Sunday, July 13, 2014

Tips on Buying Fresh Tender Herbs in Season at Farmer's Market and How to Get the Best Use of Them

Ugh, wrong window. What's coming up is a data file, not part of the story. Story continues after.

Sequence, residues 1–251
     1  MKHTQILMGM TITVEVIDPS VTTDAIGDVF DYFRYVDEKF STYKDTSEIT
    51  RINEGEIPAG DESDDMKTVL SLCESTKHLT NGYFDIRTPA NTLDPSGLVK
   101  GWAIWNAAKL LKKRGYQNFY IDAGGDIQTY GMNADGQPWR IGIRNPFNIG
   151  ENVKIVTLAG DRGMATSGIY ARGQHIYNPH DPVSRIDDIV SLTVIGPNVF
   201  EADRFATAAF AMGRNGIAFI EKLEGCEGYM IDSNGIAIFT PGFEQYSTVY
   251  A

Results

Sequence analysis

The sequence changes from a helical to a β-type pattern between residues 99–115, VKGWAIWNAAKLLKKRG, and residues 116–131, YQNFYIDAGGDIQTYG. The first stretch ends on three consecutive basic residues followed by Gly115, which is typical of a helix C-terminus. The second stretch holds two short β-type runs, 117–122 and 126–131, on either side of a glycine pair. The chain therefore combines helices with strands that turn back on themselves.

Tips on Buying Fresh Tender Herbs in Season at Farmer's Market and How to Get the Best Use of Them Lex Loeb Contributor Network . Buying fresh herbs at a farmers market often leads to regrets because a lot of people don't really know what to do with them after purchasing. The price is right and the volume purchased is usually more than what can be used for a single meal. Basil can be the exception if one is going to make a fresh pesto immediate or with in a few days. Buying fresh herbs and tender herbs like peppermint or herbs in their flowering state or basic basil in bulk at the farmers market can give you happy returns though out an entire year and little waste if you consider these tips on how to process and use them.There are two separate methods of preparation, drying, and freezing. Drying is an excellent way to preserve bulk herbs for extended long term use. The best way to proceed is just to bundle the herbs by the stem using string or wire or one of those vinyl covered kitchen ties. Then you hang the herbs upside down from the ceiling or a hook hanging down from a rafter in a well ventilated dry space. When hanging do not allow the bunch of herbs to touch a wall or anything else. As soon as they are completely dry remove form the ceiling and bag because leaving them there longer term may be ornamental but will allow them to collect dust which is no good for consumption or use Wait till the herbs are completely dry including the stems and place them in a zip-lock bag. There you can lightly seal and crush the leaves off the stems or leave hole. Store in a cool dry place for long term use. This works best for herbs like, peppermint, spearmint, sage, lavender, lovage, bay leaf, thyme, chives, and more. Once in the bag the dry herbs are relatively easy to crumble just by squeezing the bag or by using your fingers directly. You can discard the stems or sometimes they are useful for Barbeque's . Dried hers can be used in sashes. To make a sashes' just get some cheese cloth and wrap various herbs or mixtures with in and then seal with a tight ribbon tape or a knot in the cheese cloth. This was originally a means of keeping insects out of linen drawers and clothing closets. Sashes were the original mothballs. They are non chemical and fairly effective. Some farmers market visitors buy fresh chestnut tree leaves and branches to dry because spiders apparently do not like chestnut trees. One never sees a spider web in a chestnut tree. Try dried chestnut leaves in sashes to ward away spider in the home. Lavender is still the dominant scent added to laundry detergents as a throw back to the original mothballs. It is also the dominant ingredient in most sashes. Dried herbs can be used to infuse in tea for a hint of mint or experiment with other herbs to taste. Just add a tiny pinch with an ordinary tea bag of regular British Blend tea and it works just fine. You can also dry orange and lemon peal and add a small amount of that to brew the tea with . Remove before drinking. The second method is freezing. This works best for the tender seasonal herbs like basil and parsley. Its not really best for garnishing but for finishing dishes where some cooking is still required. To freeze herbs simply take a bunch and rinse it under some running water and then let most of the water run and drip off of it. Shake a bit over the sink and then place in a zip lock bag with the herbs still damp and freeze immediately. It will not take long to freeze. Once frozen take the bag out of the freezer and you will see how easy it is to crumble the contents or leave as whole bunches in the freezer if you have sufficient room there to store in a more intact manner. Even the stems of herbs like parsley and basil will crumble thanks to the coating of ice left on them by having been rinsed before freezing. This works well for basil, parsley, Italian parsley, sage, thyme, lovage, cilantro chives and other you might think of. Just seal the zip lock bag in the freezer and label the exterior so you remember which herb is which without having to reopen the bags to find out. The herbs will last frozen for more than a year in perfect condition. Frozen herbs like basil and parsley are best used in dishes like spaghetti. After boiling spaghetti and straining it you would add the frozen basil or the frozen parsley for best results. Its good to reheat after adding the sauce if not heated to begin with. Dried herbs like rosemary and either fresh or dried lemon, orange peal work great for the boiling stage of spaghetti and other noodles . Remove the orange or lemon peal before consumptions. It leaves a hint of taste in the spaghetti during the boiling process. Dried mushrooms are also added in the boiling phase but not removed after straining. These are just a few tips from a an actual herb grower who has sold various bulk herbs in farmers markets for a number of years. Buying the fresh herbs you like in season in bulk is a great way to save money over the whole year especially if you dry or freeze. Freezing is the preferable method as herbs stay fresh in the freezer longer than most other items. .

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